why cant they come in/through at near zero speed and so not generate much friction as the .sky diver did just below them years before.
it just bugs me as i cant get any real satisfying answer.
Not that this article has much to do with Dark Matter, but here goes:
Dark Matter *has* been verified several times in the last few years. Initially, it was just a "guess" to plug a newly-discovered hole in current theories. But knowing that it might be out there, astronomers started looking for clues to its existence. Eventually, by design and by serendipity, they found it.
Google it for yourself, I'm too damned lazy. But you can start with www.badastronomy.com, they had something on these discoveries a few months back.
Dark Energy is currently in the same status as Dark Matter was initially. It plugs a hole in the theory. It might turn out like DM did, and reveal clues to its existence. Or it might not exist at all, and some other theory will be needed to "plug the gap".
As others have implied: "It's better to say nothing and be thought a fool, than to open your mouth and remove all doubt." i.e. keep your arrogant ignorance to yourself.
"...how does he know which one is which?" is like asking "Thermos bottles keep hot things hot, and cold things cold. How does the thermos know?" Both are ill formed questions.
Absolutely not. Your question is a trivial concern over thermodynamics. My point is that we live in a chiral universe and nobody knows why left or right dominates at the weak nuclear force level, in a similar way that matter dominates over antimatter. Further, to say that something is left or right *always* requires some frame of reference (transmit a TV show to an alien civilisation for example and the only way they will show it the right way round is if the movie shows a known star field or something that violates charge-parity or the like). Since the universe only has itself as a frame of reference, the only thing you can say about "left" is that it is not "right".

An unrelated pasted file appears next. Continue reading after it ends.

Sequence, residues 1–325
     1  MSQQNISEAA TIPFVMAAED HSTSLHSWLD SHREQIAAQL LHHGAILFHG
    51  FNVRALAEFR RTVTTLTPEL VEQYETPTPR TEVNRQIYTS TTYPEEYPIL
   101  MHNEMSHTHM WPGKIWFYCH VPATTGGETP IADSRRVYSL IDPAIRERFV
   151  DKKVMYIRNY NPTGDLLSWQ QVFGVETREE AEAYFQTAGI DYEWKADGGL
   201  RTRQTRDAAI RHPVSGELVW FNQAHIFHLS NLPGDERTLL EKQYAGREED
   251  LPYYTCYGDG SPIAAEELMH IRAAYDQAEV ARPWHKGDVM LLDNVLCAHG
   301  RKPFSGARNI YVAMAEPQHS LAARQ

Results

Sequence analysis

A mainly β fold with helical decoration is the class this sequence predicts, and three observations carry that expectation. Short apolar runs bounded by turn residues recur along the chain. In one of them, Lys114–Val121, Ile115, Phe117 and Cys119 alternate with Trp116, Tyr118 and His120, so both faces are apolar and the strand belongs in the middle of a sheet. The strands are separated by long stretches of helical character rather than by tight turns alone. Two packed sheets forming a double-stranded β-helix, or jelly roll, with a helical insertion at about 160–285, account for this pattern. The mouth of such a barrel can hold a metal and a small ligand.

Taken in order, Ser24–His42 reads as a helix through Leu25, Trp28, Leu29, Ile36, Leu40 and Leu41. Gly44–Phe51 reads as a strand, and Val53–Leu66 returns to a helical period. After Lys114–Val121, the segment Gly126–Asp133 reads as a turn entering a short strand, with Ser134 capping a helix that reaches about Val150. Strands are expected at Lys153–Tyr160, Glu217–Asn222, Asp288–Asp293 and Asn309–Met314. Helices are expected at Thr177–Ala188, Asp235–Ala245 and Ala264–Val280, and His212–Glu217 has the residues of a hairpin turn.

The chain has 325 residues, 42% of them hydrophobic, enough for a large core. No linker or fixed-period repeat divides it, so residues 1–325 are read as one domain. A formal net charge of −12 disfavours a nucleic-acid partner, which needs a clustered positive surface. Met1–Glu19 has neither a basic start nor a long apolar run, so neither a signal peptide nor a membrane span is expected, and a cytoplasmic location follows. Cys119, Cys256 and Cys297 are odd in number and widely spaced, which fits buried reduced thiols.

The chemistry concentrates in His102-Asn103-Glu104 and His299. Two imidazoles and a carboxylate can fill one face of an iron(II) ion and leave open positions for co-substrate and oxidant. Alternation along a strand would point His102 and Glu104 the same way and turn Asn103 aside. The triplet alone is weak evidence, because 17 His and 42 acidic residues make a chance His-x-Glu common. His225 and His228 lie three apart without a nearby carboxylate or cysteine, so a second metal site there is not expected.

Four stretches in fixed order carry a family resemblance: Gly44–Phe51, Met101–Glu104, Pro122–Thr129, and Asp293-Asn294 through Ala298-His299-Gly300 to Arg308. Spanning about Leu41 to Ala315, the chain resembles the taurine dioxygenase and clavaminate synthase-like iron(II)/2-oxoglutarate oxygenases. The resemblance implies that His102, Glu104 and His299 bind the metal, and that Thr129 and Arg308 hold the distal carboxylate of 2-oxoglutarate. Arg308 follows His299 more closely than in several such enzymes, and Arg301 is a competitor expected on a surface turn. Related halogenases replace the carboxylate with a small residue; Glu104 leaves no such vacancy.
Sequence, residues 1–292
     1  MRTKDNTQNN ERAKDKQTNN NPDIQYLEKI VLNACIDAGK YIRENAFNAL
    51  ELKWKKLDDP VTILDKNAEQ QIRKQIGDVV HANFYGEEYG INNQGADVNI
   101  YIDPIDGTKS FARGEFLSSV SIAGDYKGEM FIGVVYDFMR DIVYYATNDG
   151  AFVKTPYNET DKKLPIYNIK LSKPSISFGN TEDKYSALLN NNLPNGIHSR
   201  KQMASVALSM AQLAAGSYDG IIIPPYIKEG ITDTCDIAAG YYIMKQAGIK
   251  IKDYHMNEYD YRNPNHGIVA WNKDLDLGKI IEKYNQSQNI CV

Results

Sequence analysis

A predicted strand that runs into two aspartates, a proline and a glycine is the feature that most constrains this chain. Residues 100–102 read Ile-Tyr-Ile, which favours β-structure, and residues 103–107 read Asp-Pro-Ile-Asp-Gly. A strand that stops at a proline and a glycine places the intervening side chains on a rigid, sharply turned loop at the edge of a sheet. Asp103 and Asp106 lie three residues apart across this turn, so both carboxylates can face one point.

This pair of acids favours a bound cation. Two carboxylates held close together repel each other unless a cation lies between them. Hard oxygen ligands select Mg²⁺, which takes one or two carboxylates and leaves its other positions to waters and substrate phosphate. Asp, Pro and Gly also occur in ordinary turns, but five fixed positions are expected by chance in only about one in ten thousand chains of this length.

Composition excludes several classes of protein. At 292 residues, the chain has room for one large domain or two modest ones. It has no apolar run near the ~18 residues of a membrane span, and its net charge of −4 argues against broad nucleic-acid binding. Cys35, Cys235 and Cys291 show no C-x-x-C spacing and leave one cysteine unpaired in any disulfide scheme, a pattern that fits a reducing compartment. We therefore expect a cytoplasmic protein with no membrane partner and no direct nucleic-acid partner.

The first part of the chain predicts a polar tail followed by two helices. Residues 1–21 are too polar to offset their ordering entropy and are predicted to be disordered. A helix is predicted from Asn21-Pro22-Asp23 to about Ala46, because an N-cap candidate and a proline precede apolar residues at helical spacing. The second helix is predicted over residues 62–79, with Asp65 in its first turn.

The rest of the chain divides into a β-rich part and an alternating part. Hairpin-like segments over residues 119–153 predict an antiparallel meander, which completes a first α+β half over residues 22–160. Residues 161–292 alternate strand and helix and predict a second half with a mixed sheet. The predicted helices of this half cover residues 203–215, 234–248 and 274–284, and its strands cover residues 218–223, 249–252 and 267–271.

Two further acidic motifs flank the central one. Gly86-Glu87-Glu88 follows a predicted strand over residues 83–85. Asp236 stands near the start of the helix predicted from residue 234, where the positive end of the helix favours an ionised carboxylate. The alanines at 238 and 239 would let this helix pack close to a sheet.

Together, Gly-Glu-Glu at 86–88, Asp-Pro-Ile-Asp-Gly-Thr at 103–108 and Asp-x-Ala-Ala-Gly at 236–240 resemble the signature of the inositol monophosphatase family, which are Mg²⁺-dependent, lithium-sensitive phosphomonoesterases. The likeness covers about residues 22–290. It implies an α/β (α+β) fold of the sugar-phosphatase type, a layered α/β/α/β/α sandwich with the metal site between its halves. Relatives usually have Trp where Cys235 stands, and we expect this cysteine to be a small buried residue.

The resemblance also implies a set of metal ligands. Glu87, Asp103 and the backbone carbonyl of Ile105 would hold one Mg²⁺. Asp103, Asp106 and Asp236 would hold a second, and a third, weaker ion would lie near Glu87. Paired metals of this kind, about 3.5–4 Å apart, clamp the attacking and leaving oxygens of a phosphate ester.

More about CP Violation and problems of symmetry at http://en.wikipedia.org/wiki/Cp_Violation
by stuffing a proton beam, OK quite a dense twenty-six gigaelectronvolt proton beam, onto a (cooled) 3mm diameter by 150mm long copper wire that had about *200*kilo*amps* flowing through it. Said wire dumped all sorts of junk out of the backend, some of which were Antimatter. A bit of filtering, magnetic meandering, concrete, boron and we had a beam of antiprotons. The team did this from 1981 onwards and got the Nobel Prize for physics in 1984 - but mostly for the clever faster than light beam antiproton beam densifier technology (Stochastic Cooling) which allowed the Antiproton Accumulator machine to feed the Super Proton Synchrotron and evince the W & Z intermediate vector bosons.